In such a situation, it is by no means strange to see a deranged individual raise his arm against the engine of this political instability. Shortly after the incident Berlusconi himself declared he had been almost waiting for it; and he might have been sincere, for once. The wind he has seeded is becoming a tempest. In Italy we have seen organized terrorism in the seventies and eighties flourish in a situation of political tensions, and we know that it does not take long for such spectres to materialize again. It is a spiral of anger and violence we know all too well.

    I believe such a turn of events has not yet happened, and I want to trust that there still is time to avoid it. The assault of yesterday night was a solitary action. I fear it might not take long, though, to witness the development of more serious, organized attacks, especially if there is no release in the political tension. And I wonder whether there is indeed some obscure, hidden force directing Italy toward a new authoritarianism. Such a plan has been attempted in the past -and it partly succeeded; but the same people who tried it then are still around. They are professionals at creating a situation, the so-called strategia della tensione (stress strategy) where citizens feel insecure and accept limits to their freedom in exchange for "safety".

    Italian democracy is maybe as much at risk today as it has been in the seventies. We should stop thinking those dark times are behind us: it may happen again. I hope everybody takes a step back tomorrow. A proposal by Berlusconi's government to discuss with the opposition in the parliament the proposed changes to the judiciary system, instead than announcing that the law will be forced through, would be such a step.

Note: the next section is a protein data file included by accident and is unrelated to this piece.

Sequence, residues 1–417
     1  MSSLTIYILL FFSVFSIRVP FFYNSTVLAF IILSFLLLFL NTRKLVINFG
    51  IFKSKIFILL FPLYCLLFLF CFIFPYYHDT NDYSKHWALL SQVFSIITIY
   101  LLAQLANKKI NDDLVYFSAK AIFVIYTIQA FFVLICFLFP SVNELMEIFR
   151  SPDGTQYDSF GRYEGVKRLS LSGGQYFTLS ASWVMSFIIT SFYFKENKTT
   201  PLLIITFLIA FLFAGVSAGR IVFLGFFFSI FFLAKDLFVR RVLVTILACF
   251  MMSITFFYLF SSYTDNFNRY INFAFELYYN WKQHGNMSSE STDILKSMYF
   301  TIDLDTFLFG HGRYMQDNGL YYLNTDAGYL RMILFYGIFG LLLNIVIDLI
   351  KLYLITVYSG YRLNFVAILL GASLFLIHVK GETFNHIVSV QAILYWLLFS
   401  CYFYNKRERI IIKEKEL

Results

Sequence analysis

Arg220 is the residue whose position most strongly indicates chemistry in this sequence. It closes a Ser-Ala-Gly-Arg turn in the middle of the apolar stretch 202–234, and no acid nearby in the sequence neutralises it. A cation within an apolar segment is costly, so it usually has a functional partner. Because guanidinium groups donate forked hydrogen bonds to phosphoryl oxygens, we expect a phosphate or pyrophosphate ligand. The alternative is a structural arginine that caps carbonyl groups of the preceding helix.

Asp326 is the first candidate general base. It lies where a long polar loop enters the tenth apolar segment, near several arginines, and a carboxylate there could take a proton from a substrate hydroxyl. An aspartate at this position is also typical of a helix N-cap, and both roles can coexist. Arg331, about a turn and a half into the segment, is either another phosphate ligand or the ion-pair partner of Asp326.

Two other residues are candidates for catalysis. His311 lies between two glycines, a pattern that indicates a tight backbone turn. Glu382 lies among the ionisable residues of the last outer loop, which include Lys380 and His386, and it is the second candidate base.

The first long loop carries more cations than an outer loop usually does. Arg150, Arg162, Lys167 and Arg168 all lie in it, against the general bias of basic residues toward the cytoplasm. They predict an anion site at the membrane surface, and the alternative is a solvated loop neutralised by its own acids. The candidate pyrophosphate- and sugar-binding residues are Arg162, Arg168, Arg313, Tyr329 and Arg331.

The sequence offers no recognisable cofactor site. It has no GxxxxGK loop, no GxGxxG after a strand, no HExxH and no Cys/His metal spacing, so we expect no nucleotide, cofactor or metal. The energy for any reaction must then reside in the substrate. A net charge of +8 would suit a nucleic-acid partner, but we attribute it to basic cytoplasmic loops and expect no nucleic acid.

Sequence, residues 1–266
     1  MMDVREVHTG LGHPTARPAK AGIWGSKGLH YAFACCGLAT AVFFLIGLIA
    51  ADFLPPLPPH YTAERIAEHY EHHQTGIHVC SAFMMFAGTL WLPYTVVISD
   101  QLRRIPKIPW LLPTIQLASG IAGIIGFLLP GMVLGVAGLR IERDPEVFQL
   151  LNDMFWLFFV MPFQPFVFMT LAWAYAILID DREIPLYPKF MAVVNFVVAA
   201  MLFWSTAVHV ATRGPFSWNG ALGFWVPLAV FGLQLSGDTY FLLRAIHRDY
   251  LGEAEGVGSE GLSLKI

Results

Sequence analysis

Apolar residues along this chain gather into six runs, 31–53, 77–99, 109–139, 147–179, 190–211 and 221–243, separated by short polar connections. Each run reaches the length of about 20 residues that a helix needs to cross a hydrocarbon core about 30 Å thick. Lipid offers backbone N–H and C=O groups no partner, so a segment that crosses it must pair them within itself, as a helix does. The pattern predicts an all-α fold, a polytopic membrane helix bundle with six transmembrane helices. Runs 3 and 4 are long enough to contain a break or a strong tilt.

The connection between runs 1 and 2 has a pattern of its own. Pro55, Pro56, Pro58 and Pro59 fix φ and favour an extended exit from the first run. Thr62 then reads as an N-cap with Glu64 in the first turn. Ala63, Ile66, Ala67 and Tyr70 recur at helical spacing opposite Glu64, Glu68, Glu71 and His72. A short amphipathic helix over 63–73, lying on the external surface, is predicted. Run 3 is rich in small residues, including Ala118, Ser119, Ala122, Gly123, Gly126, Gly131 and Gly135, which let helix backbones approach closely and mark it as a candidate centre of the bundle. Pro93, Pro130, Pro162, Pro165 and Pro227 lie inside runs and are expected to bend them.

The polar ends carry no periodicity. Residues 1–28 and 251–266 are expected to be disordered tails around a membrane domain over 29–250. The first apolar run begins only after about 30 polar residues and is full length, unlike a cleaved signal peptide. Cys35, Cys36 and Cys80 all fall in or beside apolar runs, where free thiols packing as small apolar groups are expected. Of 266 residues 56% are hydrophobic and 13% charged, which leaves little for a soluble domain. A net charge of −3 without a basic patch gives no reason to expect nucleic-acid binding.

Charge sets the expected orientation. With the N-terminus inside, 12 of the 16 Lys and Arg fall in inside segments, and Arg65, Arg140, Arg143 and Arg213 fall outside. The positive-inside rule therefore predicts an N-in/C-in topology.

Comments

    Hank
    I am glad you write these in addition to your physics updates.   In the past my take in Italian politics was primarily humorous (more governments than Christmases in Italy since WW2!  Porn stars that are not just metaphors!) but these are serious issues for people living there who care about their home.

    Tensione is not just an Italian thing, of course.   You have been in US airports many times recently and people seem to have accepted that America should be a third world country as regards to air travel.
    dorigo
    Hi Hank
    well, yes. US Airports are pretty awful, but traveling has improved anyways... Some borders with troubled countries still sport anal inspections, I am told :-) I mean, I am glad I just have to remove my shoes!
    Cheers,
    T.
    rholley
    Hank,

    Before commenting on this article, my Russian guards (aka Kaspersky antivirus) detected HEUR:Trojan.Script.Iframer when opening this article just now.

    Tommaso,

    Perhaps I have been a bit unsympathetic to your Berlusconi articles up to now.  After all, “Italian” + “Left” reminds me of the time when our University Library was buying books on Gramsci and the science section of the new books shelf was pretty sparse.

    But, while reading Chesterton lately, it came to me in a flash – this is a replay of the time when the Caesars disenfranchised the Roman populace and gave them bread and circuses instead.  So perhaps your chap should be ranked alongside Blair, Mugabe, et al.

    However, I would not say that today’s Italians are simply Ancient Romans redux.  As an illustration of this, the line in “Malafemmena” which goes “te voglio bene e t’odio” reminds one a bit, at first, of Catullus and his “odi et amo”.  But his “quod amantem injuria talis cogit amare magis, sed bene velle minus” is much cruder than the modern Italian equivalent.  I am glad we do not live in Classical times.